All this brings attention to the questions of how bad the economic situation really is in Iran and whether we are finally witnessing a country that is on the brink. However, a study done for the Oxford Institute for Energy Studies suggests that these are the wrong questions to ask; they lead Iran watchers to ignore important debates and changes that are taking shape in order to counter the impact of sanctions. Conducted by William Yong and Alireza Hajihosseini, the study is not very instructive in terms of the extent to which these debates and changes will be successful in countering the preponderant force of sanctions. But the authors are rather persuasive in their criticism of the infatuation with the one-sided impact of sanctions without giving due attention to “how sanctions are being absorbed by Iran’s political elites in a dynamic and continuous fashion.” They suggest that the portrayal of Iran as perpetually “on the brink while confounding us with the fact that it has not yet tumbled” prevents us from examining the dynamic manner in which the Islamic manner is trying to respond to challenges posed.

The force of sanctions has surprised the leadership of the Islamic Republic, but Yong and Hajihosseini argue that it’s now in adjustment mode with both the short and medium term in mind. In the short term, the fight will play out over the budget. Rather than bemoaning the president’s performance, the focus has shifted to “fiscal management that reflects new realities.” The fight will be over the extent of budget contraction, how to increase revenues, and what the estimated oil price in the budget should be and at what currency rate. This budget fight happens every year, but it has taken on new urgency in the midst of “new realities.” Yong and Hajihosseini suggest that the Petroleum Ministry will be a more important player as it becomes increasingly wary of being a hollow structure overseeing companies (including the National Iranian Oil Company) that have been treated as cash cows for the government. It will be pushing for a greater share of oil revenues for investment purposes.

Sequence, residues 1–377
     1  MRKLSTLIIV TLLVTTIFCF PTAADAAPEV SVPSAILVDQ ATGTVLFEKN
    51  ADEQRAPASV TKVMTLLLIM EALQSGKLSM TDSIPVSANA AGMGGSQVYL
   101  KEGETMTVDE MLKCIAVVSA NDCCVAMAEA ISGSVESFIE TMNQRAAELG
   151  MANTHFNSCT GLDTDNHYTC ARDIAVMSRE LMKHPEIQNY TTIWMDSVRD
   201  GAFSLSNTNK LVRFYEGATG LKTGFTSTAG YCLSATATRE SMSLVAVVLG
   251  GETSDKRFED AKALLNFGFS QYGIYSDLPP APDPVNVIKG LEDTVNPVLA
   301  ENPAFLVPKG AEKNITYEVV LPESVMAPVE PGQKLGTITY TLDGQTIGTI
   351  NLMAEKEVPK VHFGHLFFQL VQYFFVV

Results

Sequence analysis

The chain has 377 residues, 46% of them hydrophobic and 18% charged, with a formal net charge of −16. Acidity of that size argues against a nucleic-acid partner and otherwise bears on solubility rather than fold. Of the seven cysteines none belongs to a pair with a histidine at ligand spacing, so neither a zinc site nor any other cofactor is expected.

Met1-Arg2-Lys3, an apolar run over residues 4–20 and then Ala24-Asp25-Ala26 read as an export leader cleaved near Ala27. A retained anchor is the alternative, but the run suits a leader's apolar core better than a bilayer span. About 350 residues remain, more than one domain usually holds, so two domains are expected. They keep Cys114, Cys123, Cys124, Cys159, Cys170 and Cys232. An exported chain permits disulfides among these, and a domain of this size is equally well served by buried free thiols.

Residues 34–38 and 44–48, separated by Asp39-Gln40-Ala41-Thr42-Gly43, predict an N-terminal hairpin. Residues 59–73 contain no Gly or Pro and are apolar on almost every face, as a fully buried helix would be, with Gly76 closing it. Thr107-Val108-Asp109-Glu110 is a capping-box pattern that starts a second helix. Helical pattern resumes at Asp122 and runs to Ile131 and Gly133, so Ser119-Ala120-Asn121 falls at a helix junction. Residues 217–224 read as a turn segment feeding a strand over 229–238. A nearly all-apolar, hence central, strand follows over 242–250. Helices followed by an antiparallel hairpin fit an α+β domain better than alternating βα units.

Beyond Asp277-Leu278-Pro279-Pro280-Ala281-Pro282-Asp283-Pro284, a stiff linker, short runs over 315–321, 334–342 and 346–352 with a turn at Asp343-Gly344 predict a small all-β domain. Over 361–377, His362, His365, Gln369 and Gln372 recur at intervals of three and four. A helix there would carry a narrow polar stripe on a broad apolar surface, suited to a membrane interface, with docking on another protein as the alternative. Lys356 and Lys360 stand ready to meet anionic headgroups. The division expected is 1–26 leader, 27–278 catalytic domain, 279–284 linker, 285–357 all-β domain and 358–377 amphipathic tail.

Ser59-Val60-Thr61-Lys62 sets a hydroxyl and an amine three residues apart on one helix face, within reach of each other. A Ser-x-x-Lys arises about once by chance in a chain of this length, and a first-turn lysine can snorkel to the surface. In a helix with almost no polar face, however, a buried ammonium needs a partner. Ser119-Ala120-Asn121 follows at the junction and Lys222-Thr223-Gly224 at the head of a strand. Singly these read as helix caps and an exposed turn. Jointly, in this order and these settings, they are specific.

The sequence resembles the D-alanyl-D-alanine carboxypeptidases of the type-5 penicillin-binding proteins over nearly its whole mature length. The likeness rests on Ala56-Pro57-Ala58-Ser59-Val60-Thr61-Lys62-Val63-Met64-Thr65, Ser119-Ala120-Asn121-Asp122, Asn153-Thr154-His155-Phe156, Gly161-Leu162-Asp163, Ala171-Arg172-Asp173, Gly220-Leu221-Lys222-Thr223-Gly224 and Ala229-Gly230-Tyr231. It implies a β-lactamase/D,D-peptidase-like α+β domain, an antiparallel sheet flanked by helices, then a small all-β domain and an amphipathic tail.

None of this may work. After all, Iran has been trying to wean itself from oil revenues since forever. But necessity may indeed turn out to be the mother of all inventions. The heated debates and efforts suggest that the Iranian political class has now turned its attention to domestic economic restructuring and economic resources that can be generated from inside the country in order to address shortfalls and problems caused by sanctions. Despite their acknowledgment of severe economic difficulties, they are behaving as though they do not believe that Iran is on the brink.

Photo: Adam Jones (Flickr) (CC BY-SA 2.0)  

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About the Author

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Farideh Farhi is an Independent Scholar and Affiliate Graduate Faculty at the University of Hawai'i at Manoa. She has taught comparative politics at the University of Colorado, Boulder, University of Hawai'i, University of Tehran, and Shahid Beheshti University, Tehran. Her publications include States and Urban-Based Revolutions in Iran and Nicaragua (University of Illinois Press) and numerous articles and book chapters on compartative analyses of revolutions and Iranian politics. She has been a recipient of grants from the United States Institute of Peace and the Rockefeller Foundation and was most recently a Public Policy Scholar at the Woodrow Wilson International Center for Scholars. She has also worked as a consultant for the World Bank and the International Crisis Group.